The existence of pain and suffering in a world created by a good and almighty God is a fundamental theological dilemma and may be the most serious objection to the Christian religion. In the book, The Problem Of Pain , author C.S. Lewis addresses the issue of pain as a mere problem that demands a solution; he formulates it and goes about solving it. "If God were good, He would make His creatures perfectly happy, and if He were almighty He would be able to do what He wished. But the creatures are not happy.
The problem of evil is a difficult objection to contend with for theists. Indeed, major crises of faith can occur after observing or experiencing the wide variety and depths of suffering in the world. It also stands that these “evils” of suffering call into question the existence of an omnibenevolent and omnipotent God of the Judeo-Christian tradition. The “greater good defense” tries to account for some of the issues presented, but still has flaws of its own. In the excerpt from Philosophy of Religion, John Hicks outlines the problem of evil as such: (a) If God were truly omnibenevolent, he would then wish to eliminate all evil; (b) If God is were truly omnipotent, he would then be capable of eliminating evil; (c) Evil exists in the world.
ansNovember-12-13 6:34 PM Astonishing as it seems, many Christians define the God of the Old Testament as heartless and evil and blatantly disregard his sensitive nature. As confirmed by many casual bible readers, some of the teachings and descriptors of God In the Old Testament may seem harsh and insensible. A more educated bible reader or theologian will plumage into the numerous dimensions of Yahweh's character and discover his very complex personality. After an in-depth look into the Old Testament, one can acknowledge many of Yahweh's interesting and righteous traits. Contrary to what many think, God in the Old Testament is very much a liberator.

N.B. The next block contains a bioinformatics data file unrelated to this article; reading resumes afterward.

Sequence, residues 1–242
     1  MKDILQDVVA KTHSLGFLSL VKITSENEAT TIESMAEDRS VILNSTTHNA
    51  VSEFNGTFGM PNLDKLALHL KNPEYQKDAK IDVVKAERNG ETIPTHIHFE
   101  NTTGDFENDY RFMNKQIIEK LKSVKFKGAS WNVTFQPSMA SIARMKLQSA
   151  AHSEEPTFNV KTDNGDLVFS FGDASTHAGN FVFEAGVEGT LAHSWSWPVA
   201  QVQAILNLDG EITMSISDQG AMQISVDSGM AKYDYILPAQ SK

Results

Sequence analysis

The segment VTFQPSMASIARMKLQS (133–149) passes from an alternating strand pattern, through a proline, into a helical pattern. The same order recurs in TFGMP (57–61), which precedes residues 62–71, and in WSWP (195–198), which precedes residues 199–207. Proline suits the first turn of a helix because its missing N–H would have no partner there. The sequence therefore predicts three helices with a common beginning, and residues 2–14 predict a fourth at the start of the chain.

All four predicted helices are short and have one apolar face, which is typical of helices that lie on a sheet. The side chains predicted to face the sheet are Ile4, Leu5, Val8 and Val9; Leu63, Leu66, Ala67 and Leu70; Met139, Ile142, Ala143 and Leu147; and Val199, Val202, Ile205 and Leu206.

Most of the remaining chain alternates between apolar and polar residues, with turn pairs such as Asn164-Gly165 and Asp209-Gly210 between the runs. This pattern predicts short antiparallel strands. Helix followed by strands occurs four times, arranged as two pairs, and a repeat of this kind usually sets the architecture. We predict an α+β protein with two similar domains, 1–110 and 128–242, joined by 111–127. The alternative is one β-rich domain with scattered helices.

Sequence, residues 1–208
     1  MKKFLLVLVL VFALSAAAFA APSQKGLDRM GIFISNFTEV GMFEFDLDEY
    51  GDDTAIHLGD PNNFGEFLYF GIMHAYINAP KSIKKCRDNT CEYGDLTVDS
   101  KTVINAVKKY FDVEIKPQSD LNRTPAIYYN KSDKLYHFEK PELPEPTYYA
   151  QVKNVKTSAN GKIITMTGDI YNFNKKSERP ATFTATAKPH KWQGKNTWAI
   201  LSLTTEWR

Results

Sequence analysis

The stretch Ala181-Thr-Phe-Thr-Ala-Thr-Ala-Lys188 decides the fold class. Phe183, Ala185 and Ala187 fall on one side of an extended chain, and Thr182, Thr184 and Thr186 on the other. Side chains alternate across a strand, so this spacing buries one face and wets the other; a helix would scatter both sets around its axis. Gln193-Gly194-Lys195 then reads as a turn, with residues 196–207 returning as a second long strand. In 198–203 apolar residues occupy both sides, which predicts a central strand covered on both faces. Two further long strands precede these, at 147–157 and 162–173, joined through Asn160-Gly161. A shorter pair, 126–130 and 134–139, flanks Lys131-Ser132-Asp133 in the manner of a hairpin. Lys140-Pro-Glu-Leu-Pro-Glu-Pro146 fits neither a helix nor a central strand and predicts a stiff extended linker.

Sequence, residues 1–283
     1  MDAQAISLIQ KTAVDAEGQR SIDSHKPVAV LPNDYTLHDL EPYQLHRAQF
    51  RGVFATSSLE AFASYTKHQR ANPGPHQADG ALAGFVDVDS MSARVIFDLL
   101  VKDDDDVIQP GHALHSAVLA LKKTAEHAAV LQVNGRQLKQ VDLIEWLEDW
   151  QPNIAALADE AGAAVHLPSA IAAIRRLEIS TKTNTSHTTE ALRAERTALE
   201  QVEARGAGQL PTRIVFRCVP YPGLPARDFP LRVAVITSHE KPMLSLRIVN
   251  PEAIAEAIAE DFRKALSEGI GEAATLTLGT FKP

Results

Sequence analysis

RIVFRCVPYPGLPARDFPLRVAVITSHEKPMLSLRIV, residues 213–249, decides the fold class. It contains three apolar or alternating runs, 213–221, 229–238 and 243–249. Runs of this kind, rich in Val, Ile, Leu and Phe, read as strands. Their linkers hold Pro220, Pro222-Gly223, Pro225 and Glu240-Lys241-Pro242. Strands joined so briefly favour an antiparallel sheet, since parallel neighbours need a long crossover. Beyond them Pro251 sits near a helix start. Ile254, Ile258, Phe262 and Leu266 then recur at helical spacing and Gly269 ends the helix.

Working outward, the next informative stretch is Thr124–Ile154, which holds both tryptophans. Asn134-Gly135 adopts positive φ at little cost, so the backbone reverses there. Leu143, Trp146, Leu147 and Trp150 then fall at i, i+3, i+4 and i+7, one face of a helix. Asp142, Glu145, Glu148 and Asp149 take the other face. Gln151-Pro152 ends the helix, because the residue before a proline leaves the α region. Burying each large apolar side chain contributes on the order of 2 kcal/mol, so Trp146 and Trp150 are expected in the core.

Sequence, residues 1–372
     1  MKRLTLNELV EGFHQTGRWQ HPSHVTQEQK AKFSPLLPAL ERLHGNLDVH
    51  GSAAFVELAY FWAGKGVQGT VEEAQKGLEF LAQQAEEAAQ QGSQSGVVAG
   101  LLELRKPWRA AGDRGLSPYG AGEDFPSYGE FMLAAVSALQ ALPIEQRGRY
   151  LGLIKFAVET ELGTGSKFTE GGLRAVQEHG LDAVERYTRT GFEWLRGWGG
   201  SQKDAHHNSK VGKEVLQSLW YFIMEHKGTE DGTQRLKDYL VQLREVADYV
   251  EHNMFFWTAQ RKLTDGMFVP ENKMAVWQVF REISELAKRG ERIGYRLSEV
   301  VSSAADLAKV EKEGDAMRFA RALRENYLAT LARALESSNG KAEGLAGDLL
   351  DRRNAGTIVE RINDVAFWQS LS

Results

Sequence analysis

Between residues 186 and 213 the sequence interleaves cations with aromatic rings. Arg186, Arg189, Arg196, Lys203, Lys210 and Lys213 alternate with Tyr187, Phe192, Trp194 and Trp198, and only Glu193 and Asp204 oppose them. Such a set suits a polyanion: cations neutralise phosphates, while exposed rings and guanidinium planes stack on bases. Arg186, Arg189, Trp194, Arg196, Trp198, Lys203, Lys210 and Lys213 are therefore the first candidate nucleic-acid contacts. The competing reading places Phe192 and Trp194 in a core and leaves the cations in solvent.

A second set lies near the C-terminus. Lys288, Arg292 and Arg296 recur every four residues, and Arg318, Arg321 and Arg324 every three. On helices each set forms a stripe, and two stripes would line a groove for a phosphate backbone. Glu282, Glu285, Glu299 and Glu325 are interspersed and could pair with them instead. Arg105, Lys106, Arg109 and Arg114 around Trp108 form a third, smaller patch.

(Migliore 128) This view paints God as the punisher to both the wicked and the righteous, and that suffering is the result of one’s own actions. This argument sees the relationship between sin and suffering far too simply. Although, there is some Biblical support for this view in the old testament, it does not mirror the character of God revealed in Jesus Christ. The third argument proclaims suffering as something that turns us to God and helps to cultivate our hope for eternal life. (Migliore 128) This view teaches that Christians are supposed to encounter suffering as an opportunity to glorify God.
It seems impossible to answer these questions by denying that evil and freedom exist. It can be clearly seen and argued that bad things occur in this world, just as every person can understand they have freedom when they act. Classical theism puts an extreme emphasis on God’s omnipotence and seems to make God responsible for the pain and suffering in the world. As a result, God ends up getting the blame for the mistakes found in His creation. It becomes necessary, then, to propose a scheme in which God is not so powerful that He is incapable of relating and in which He also remains God.